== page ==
Last week I walked into a room to find Spouse Roger standing stock-still and staring off into space. "What's up?" I asked him. He said he had been listening to public radio asking people their memories of their worst Christmas ever. So he was trying to think of his own.

The next news item on the radio was about the people all across the upper northeastern part of our country that were currently without power. At that point it had been five days. The newscaster described in some detail some of those people's ways to get through this ordeal, and pointed out that it was likely worse because it is the Christmas season. I thought that this was likely those people's worst Christmas ever.

We know a little about being without electricity because it reminded us of the year that we had the big storm in Nebraska. We were without power for five days; that included heat, light, hot water, the whole thing. That storm was not over Christmas, but it was on Halloween. And it did become kind of spooky, because on the first day or so, if we went outdoors, we were often startled by very sharp cracks, sounding like nearby rifle fire. But it was actually yet another tree limb breaking off, giving in to the heavy coatings of ice that covered everything. Some of our trees were 60 feet tall, so those branches had a long ways to fall, and it would not have been good to be under them. Most took the power lines with them, that is, the power lines that hadn't fallen under their own loads of ice.

The first thing we had to deal with was food, of course. Because the freezer and refrigerator weren't working, we unloaded whatever we wanted to save and got it outside into a snow bank. Fortunately, there were plenty of them to use for our refrigerator annex. At first it was an adventure for us and the neighbors to cook in our fireplace, but hot dogs and beans got a little tiresome after the first day. Fortunately, another neighbor had a big four-wheel drive SUV. We all piled in and bumped over the frozen ruts to one of the few restaurants that had managed to open.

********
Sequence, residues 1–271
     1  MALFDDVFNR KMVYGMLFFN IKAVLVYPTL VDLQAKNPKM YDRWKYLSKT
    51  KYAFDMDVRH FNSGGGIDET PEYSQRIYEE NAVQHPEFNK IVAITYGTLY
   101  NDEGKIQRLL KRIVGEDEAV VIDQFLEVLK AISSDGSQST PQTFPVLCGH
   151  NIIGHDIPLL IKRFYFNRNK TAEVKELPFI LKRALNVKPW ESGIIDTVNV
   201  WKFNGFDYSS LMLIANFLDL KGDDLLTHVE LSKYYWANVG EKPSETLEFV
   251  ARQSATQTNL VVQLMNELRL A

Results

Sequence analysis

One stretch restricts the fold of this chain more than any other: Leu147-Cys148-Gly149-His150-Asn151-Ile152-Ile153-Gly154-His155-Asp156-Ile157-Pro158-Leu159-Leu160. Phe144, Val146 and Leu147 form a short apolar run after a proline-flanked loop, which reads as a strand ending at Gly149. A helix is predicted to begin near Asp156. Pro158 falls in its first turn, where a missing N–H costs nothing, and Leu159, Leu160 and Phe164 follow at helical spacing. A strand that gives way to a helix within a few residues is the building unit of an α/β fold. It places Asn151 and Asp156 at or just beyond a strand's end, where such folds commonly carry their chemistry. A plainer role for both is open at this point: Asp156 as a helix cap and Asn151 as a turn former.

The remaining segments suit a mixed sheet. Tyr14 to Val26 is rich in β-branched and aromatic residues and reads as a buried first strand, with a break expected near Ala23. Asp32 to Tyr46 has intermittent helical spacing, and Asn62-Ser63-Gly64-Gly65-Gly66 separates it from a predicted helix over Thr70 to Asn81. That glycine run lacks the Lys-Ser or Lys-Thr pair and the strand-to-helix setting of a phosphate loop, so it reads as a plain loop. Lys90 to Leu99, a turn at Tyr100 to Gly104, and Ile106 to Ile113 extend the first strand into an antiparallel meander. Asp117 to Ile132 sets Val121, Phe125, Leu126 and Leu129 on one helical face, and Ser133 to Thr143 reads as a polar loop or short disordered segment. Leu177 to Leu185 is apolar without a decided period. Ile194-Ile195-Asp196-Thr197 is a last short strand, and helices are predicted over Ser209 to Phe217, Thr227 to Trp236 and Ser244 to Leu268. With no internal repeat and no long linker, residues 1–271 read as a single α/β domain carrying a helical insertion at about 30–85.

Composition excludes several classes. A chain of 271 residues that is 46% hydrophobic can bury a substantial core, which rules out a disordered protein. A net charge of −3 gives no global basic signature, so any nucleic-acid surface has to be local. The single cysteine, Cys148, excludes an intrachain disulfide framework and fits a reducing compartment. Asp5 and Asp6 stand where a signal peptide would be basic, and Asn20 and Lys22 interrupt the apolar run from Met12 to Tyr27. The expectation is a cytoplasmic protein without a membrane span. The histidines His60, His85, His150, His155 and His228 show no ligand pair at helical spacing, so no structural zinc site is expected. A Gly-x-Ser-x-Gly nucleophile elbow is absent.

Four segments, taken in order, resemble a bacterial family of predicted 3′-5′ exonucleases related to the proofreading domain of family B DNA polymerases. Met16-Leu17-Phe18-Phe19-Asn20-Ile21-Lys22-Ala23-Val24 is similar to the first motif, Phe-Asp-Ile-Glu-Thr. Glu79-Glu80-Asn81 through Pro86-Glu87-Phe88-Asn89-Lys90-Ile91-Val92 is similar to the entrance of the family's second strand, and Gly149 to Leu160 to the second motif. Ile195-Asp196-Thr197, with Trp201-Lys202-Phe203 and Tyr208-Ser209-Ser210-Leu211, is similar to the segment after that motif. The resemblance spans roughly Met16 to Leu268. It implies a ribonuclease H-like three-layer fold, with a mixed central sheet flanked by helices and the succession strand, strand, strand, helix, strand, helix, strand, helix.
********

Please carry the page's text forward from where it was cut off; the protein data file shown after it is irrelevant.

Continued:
We got out the sleeping bags for warmth at night and slept not too far from the fireplace. The hospital where Spouse Roger worked had its own power generator, so we were able to go to its on-site health club for our showers.

The aftermath and cleanup were interesting. Work crews with various specialties came from all of the surrounding states. A man who was cutting dangerously-dangling branches from some of our trees could shinny up those as quickly as any monkey. City trucks worked long and hard hours picking up the fallen trees and branches that residents piled out on the curb. Most of the neighborhood grocery store's huge parking lot - more than a city block - was piled over 10 feet high with debris taken down by the storm.

Because the ice coat was so thick, the ruts in the driveways and side streets were incredibly deep and very difficult to navigate. Our neighbor across the street was anxious to get out and did not wait for the road to be reasonably passable. Of course, he got stuck. We, being Minnesotans, were more experienced with the ice and snow, so we provided some of the kitty litter we kept around for just such emergencies. That enabled him to get out of his driveway and our side street, onto the larger thoroughfare that had been cleared.

That neighbor was so grateful that he wanted to do something for us in return. Knowing that we had a wood-burning fireplace, he knew we'd appreciate having the large downed oak branch that had landed in our front yard, cut up for future firewood. One day, when we came home from somewhere, it was sawed up in perfectly-sized logs and neatly stacked, ready for us to store. We were a little aghast to find out he had done it himself; he is a heart surgeon, and we didn't think it was a good idea for him, without much experience, to be out there with a chainsaw!

We had a wide variety of experiences and examples of neighborhood get-togethers and friendly cooperation as we got through those five days. While no one would want to do it again, it was a positive experience. It really wasn't the worst of anything; it was an adventure and it was truly fun.

I only hope those people currently experiencing the lack of power after their big storm are having as much fun as we did. And, come to think of it, if that is as bad a Christmas as they ever have, they have no real problems!

Well, Spouse Roger did come up with his version of the worst Christmas. He told me that when he was in the military and stationed in Germany, one Christmas Eve he was assigned to CQ, which means in Charge of Quarters, and the hours were overnight. When he finally got relieved in the morning of Christmas Day, he was expected, and expecting, to go back to the barracks and catch some sleep. But by that time one of his buddies, who had been out partying all night, arrived back loud and boisterous, and that was the end of any hope of sleep.

I asked him if he had tracked Santa all night while he was standing watch on Christmas Eve. He said no, but that Christmas wasn't really so bad, either.